This is a description of a therapy session with Karen Collins who I saw in Montpelier for many years. I was amazed at what it reveals about my difficulty with my creativity. I had understood at one point that when Mother said “Don’t think you’re so great” it was because she was both threatened by and jealous of my intelligence, creativity, and enthusiasm. This journal piece certainly reflects that. But my recognition was long after this piece of work.
September 29, 1995
Work with Karen. We talked about the creative cycle. I said I was bummed out by the number of projects I had begun and never been able to finish. I used the seasonal quilt as an example. I had painted the design, bought the fabric, cut out pieces for one or two squares — I can’t remember if I ever started sewing. It’s all in a box labeled “quilt” that hasn’t been opened in years. I said to Karen that I hadn’t enjoyed it because I hadn’t been able to finish it, and that I saw that I’ve been able to change my attitude because the dollhouse has been different: I enjoyed every bit of time I spent working on it this year, and I still have the enjoyment, even if I never get any farther. Later, I saw that I had, in fact, enjoyed painting the design, though I couldn’t hold on to that enjoyment when I actually began to make the quilt. And I see now, writing about it, that what killed the quilt project was expectations, haste, and stinginess. I didn’t buy enough of the background blue color to just appliqué mountain and meadow pieces on to it, which would have made the job of keeping the squares flat much easier for an inexperienced quilter. I expected myself to baste it and then sew it on the machine, I have enough experience now to know that the enjoyment comes from the meditative sewing. It’s possible that I could resurrect this project, though at the moment I have no expectations. Certainly I couldn’t do it without the deep quiet of winter and perhaps some moral support in the form of a visiting friend.
I looked for, but could not find, the original painting. I saw the pictures as a particular landscape going through the seasons, the mountain, meadow and maybe a tree, I can’t remember what else was in the picture. Twelve square pieces, 3X4, to make the quilt.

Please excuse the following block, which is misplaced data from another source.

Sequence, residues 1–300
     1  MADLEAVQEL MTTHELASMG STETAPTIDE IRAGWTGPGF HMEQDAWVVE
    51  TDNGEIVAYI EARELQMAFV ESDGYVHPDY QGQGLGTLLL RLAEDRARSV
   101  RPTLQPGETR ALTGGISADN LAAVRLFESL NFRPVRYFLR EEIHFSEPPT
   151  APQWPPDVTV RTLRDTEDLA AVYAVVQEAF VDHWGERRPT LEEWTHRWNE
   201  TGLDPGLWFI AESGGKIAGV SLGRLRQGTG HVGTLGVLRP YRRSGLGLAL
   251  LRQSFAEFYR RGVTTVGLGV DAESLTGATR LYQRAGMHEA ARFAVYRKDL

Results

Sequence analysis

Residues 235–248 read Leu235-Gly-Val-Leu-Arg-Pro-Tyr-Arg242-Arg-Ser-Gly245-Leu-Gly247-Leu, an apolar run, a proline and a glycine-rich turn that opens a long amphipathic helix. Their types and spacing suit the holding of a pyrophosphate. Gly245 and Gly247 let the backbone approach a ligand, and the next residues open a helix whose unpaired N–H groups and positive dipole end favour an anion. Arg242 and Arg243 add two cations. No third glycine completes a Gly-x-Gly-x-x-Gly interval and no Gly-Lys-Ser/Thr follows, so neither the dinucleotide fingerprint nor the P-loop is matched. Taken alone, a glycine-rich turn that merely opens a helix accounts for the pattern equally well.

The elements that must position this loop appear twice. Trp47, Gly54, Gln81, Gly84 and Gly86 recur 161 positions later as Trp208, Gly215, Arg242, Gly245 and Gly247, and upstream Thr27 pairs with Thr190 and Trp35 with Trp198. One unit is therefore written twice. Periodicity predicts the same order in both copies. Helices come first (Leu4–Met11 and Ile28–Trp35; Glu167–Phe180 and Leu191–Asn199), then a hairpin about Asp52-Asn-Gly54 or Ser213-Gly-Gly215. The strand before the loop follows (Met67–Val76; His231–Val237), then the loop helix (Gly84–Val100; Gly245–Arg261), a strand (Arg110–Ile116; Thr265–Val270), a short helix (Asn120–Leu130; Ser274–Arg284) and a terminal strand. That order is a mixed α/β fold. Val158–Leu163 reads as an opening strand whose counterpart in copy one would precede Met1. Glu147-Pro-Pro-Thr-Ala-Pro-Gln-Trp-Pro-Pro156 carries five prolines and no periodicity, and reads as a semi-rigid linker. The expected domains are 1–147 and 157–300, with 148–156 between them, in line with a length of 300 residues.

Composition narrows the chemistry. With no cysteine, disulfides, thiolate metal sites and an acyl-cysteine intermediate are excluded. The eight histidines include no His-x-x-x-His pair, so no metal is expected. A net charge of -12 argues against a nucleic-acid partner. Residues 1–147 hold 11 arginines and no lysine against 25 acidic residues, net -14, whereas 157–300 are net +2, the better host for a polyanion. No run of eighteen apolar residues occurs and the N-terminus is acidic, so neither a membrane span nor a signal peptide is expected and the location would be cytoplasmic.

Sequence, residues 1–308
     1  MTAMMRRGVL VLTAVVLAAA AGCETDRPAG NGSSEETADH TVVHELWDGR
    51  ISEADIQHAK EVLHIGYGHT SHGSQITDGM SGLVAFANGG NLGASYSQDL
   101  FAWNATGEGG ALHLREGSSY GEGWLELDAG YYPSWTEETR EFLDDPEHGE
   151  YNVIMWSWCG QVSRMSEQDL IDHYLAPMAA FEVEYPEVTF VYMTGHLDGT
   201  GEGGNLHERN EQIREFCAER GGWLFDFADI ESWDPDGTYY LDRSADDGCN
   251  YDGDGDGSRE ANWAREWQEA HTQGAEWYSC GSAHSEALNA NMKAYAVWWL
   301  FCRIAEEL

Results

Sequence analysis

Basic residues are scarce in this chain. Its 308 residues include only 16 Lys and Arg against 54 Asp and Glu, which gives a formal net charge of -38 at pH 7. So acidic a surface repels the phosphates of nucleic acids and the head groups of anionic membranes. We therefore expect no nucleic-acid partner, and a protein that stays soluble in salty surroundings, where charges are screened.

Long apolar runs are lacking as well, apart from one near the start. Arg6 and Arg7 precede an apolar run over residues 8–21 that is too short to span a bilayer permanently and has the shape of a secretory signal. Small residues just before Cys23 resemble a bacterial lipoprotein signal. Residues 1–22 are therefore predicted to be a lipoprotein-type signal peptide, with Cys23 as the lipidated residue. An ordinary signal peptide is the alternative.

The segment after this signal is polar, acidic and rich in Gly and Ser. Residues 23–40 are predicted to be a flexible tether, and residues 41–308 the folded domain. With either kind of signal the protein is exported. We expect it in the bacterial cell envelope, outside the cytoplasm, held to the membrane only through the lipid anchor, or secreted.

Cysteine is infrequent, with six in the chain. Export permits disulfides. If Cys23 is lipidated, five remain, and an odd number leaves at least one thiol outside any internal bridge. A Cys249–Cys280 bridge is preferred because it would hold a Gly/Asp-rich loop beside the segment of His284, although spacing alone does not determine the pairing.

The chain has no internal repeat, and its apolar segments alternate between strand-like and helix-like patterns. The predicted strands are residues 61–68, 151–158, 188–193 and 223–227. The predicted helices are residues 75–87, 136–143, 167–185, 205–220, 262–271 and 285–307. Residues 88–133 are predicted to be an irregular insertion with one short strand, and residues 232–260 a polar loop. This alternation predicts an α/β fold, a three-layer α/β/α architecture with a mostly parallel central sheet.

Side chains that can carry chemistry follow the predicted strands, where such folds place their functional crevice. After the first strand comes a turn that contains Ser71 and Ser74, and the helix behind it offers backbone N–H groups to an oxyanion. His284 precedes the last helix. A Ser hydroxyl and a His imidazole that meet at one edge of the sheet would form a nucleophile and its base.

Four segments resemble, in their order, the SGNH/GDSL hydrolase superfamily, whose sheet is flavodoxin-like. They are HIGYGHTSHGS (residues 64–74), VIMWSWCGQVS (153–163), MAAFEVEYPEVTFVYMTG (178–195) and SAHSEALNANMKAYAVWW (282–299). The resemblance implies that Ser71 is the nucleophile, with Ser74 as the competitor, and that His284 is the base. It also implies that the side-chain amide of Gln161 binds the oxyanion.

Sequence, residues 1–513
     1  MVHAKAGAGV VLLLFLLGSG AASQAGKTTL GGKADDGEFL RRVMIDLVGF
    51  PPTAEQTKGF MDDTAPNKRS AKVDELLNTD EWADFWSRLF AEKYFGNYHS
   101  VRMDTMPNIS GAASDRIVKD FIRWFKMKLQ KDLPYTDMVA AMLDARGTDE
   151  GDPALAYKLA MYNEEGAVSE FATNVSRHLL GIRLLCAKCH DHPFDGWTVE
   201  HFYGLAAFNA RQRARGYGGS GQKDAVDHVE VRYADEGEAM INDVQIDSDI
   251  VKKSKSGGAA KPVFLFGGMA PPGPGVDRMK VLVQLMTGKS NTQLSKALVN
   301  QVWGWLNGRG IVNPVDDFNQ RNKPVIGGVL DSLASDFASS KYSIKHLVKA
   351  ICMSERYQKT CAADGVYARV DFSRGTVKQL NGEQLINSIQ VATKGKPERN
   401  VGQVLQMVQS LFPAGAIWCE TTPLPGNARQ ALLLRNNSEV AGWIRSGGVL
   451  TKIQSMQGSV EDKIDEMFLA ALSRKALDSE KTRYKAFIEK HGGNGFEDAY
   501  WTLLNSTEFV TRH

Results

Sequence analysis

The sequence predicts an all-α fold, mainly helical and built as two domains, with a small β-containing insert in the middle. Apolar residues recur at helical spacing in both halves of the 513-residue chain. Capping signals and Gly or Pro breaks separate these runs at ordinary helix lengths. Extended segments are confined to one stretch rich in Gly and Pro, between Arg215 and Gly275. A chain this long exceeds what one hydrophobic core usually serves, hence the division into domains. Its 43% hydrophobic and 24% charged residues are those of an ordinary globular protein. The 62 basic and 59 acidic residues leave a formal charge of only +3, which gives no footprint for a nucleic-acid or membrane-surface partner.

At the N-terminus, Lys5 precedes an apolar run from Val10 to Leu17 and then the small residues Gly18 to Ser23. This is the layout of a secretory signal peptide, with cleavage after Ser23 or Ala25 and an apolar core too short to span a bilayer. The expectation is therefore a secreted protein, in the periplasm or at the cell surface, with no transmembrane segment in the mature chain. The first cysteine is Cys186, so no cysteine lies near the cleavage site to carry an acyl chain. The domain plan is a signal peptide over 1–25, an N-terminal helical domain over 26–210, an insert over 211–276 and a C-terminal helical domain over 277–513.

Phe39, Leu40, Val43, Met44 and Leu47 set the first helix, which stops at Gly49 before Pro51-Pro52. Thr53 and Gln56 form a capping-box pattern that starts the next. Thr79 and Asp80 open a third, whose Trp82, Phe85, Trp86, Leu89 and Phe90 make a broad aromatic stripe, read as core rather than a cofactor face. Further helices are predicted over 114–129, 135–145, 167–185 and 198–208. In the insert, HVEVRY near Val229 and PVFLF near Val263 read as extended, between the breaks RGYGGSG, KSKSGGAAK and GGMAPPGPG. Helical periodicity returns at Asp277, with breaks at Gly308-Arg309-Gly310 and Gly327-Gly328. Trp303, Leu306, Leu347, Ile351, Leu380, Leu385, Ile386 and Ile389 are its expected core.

I talk about “winter quiet” because this was the period when I was having such a hard time with the noise of planes.
Third cup of tea! Really, I’m very bad this morning. But I need help to go on writing about the session. OK we talked about the creative cycle. I described it by moving my hands up in front of my body, out and down in a circle. I described my failure with a motion that went up, but then fell back before it could reach the top of the cycle and move outward. I saw that I was angry at myself for my continual failures to push on through. Karen asked if I could separate out that one who was angry, or perhaps the one who she was angry at, the wimp who just couldn’t push through. I can’t remember now, it was confused, I think they both appeared together, a whiny drip complaining that I just can’t do it and someone accusing her of not caring enough. I put that one, or both of them, in the chair and then found myself shouting “That’s a lie, I do care, I do want to do those projects.” O yes, I had come up with a voice that says “you must not really want to do that” and recognized it as an introject of mother’s voice and that’s what I put in the chair. Once I got angry I wanted to throw things at her, Karen supplied me with cushions and I threw them, and finally turned the chair completely around and threw all the Kleenexes from my crying in there too.
Then as we began to explore the creative cycle again, Karen pointed out how the anxiety rises with the creativity. As I watched her repeat my gesture, I saw how, when I got to the part of the cycle where I should begin moving my hands outward toward the world, that what met me was a blast of hostility, that instead of a wimp who gives up, I was a person struggling against a very powerful current, so powerful that I am often swept backward, no matter how much I care about the inspiration or the project, no matter how much I want to share what’s in me with the world. That current of hostility is mostly introjected from mother (though it’s partly there in the world as well) and triggered by any sign of disinterest or difficulty on the part of the audience. When I saw what I was up against, when I saw the pressure and power of that hostility — of a mother who makes her four-year-old daughter wrong for singing and dancing, a father who loses his temper when she makes a mess — I saw that I was not a wimp who gives up but a child overpowered by her parents. I said “But I never did give up, I went on being creative — ” and Karen, in a swift beautiful move, went down on the floor in front of me and said “Yes! You went on being creative.” And I see that each time, as I met the force of the hostility preventing me from pushing my creative expression over the threshold to share it with the world, I would retreat back into safety and find some quieter, less threatening way to express myself — I wrote in my journal instead of writing letters or articles — but I never stopped writing. No matter how small and insignificant the outlet I never stopped finding ways to let my creativity out, like grass pushing up under asphalt.
I saw the power of mother’s hostility, what I failed to see was that it was much more powerful than my urge to be creative. It’s a wonder I produced as much as I did. I see that help from outside was what made it possible. Support from the Center for Archaic Studies helped me get The Feminine of History is Mystery into print, Journey Into Courage was created by a group, I had Dana’s support to build Neskaya.